If your community needs a little extra help getting  your team started, you can also use the  Community Action Guide  which outlines the  steps to build an effective team to advocate for healthy changes in your community.

We’d love to hear your feedback. Let us know how you used the  Community Fitness Assessment  here.

Infographic: The Path to a Culture of Health


Many communities develop programs and events as part of its strategic plan for improving residents health, but a more sustainable approach to gain traction is known as “Policy, Systems and Environmental Change” (PSE). The major difference between PSE compared to traditional approaches such as events and programs is that the PSE approach is aimed at long-term, sustainable and ongoing behavioral change.

The reason PSE is useful for improving health in a community is because encouraging people to live healthier lives isn’t just about changing individual behaviors and creating good habits. Communities need to be places that encourage and promote healthy choices. A PSE approach makes healthier choices a real, feasible option for every member of the community by looking at the laws, rules and environments that impact behavior.

PSE Definitions:

  • Policy interventions are laws, ordinances, resolutions, mandates, regulations or rules (both formal and informal).
  • Systems interventions are changes that affect all elements of an organization, institution or system.
  • Environmental interventions involve physical or material changes to the economic, social or physical environment.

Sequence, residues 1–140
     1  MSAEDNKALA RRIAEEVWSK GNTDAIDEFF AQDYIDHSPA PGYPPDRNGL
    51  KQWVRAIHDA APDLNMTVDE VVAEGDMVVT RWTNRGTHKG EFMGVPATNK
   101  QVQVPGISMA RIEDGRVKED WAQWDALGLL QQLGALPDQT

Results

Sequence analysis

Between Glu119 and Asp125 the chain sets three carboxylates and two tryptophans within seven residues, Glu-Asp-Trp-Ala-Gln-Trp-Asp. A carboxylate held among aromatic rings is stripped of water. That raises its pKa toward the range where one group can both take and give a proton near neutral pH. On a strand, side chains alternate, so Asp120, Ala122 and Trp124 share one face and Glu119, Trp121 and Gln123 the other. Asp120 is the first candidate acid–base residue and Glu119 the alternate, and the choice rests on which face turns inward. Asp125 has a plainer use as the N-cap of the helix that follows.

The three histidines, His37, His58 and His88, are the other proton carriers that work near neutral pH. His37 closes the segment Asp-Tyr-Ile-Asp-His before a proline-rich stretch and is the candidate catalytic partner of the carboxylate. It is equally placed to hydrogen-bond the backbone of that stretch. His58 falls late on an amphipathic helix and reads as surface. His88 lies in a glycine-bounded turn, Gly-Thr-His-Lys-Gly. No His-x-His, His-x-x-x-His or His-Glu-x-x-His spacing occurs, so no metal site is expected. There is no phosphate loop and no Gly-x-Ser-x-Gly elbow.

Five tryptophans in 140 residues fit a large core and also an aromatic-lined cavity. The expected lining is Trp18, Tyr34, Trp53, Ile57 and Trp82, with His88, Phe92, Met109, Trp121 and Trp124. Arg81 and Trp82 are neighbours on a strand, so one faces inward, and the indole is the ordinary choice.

The infographic, The Path to a Culture of Health: The Policy, Systems and Environmental Change Approach for Community-Based, Healthy Eating and Physical Activity, highlights examples of PSE interventions designed to increase the number of residents eating healthy foods as well as engaging in more physical activity.  Learn more by visiting the Community Action Guide.

You can download the full version in PDF format by clicking on the image above and saving to your computer.  You can also download the individual Healthy Eating and Physical Activity infographics by clicking on the images below.

ACSM_PSE_Healthy_Eating_Graphic_final ACSM_PSE_Physical_Activity_Graphic_final

Case Studies in Action: Charlotte, NC

 Charlotte Case Study_web 2

Healthy Charlotte Annual Report 2014

The Healthy Charlotte effort is well on its way to leading a change in Charlotte’s culture from being a wonderful, vibrant community for families and business to thrive to being a wonderful, vibrant and healthy community where the health, fitness and wellness of citizens is the top priority.   celebrates the progress made by the Healthy Charlotte initiative in 2014 and looks forward to seeing the quality of life continue to improve as the effort expands in the future.

Below is a snapshot of Healthy Charlotte’s successes in 2014.  To learn more about the initiative, visit or

Healthy Charlotte 2014 Report_1Healthy Charlotte 2014 Report_2


(Click the image above to open a pdf version.)